The competition watchdog has launched legal proceedings in the Federal Court against petrol price comparison website Informed Sources and BP, Caltex, Coles Express, Woolworths and 7-Eleven.
The Australian Competition and Consumer Commission alleges the use of the website by the service stations allows them to monitor and respond to each others prices on an almost real time basis.
The Informed Sources website operates through the servos providing regular pricing data to it and in return providing collated data and reports containing pricing information across particular regions.
ACCC chairman Rod Sims said the arrangements are likely to increase retail petrol price coordination and cooperation and decrease competitive rivalry.
“Given the importance of price competition in petrol retailing, the ACCC is concerned that consumers may be paying more for petrol as a result,” Sims said in a statement.
The proceedings follow an investigation by the ACCC into price information sharing arrangements in the retail petrol industry.
The competition watchdog is seeking declarations, penalties and costs.
Founder of Informed Sources, Alan Cadd, told SmartCompany the ACCC is unfairly targeting a small privately owned business.
“Informed Sources turns over in one year about as much as an average service station, we turn over in one year about what any one of our clients turns over in 8 hours, we are tiny,” he says.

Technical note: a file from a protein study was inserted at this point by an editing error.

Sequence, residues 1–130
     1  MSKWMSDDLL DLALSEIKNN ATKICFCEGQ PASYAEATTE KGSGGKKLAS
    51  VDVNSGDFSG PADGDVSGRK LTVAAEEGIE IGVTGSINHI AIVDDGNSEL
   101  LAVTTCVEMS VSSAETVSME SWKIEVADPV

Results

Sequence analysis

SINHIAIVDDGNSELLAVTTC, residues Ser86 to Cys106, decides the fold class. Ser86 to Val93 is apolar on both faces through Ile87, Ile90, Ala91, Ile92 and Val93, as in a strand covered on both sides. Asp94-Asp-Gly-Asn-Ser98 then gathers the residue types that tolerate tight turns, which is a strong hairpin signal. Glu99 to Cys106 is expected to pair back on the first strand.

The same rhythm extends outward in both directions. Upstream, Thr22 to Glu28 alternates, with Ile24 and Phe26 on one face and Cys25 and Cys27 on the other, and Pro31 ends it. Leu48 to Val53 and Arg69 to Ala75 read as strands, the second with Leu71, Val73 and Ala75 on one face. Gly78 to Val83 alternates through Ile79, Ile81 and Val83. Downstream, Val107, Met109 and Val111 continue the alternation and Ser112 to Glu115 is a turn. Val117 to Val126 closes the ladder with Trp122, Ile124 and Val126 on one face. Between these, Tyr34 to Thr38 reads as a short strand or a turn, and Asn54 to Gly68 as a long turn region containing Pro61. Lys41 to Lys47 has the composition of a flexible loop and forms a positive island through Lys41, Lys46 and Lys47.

“They have come to us and said the service and company you have put 27 years of your life into, we want you to close it down.”
Cadd says the website is “pro-competitive”.
“Because petrol is sold on price, people use our service to get underneath the opposition’s price,” he says.
Cadd says he is in a no-win situation.
“The offer was close your company down or take it to court,” he says.
“The average legal proceedings for a case like this will cost $1 million to run. I don’t know where I am going to find the money.”
The service stations named in the case reject the ACCC’s claims.
Caltex said it “strongly rejects” the allegations and will defend the proceeding.
“We believe the continuation of cost-efficient data collection such as OPW is in the best interests of motorists,” a spokesperson for the retailer said in a statement.
Tristan Price, spokesperson for 7-Eleven, said the claims are unfounded and that it will “strenuously defend” the proceedings.
“7-Eleven is family-owned, proudly independent, and provides a viable competitive force in the markets where it operates,” he said.
Coles also plans to “vigorously defend” the case.
This matter is listed for a directions hearing in Melbourne on 26 September 2014.
SmartCompany also contacted BP for comment but did not receive a response prior to publication.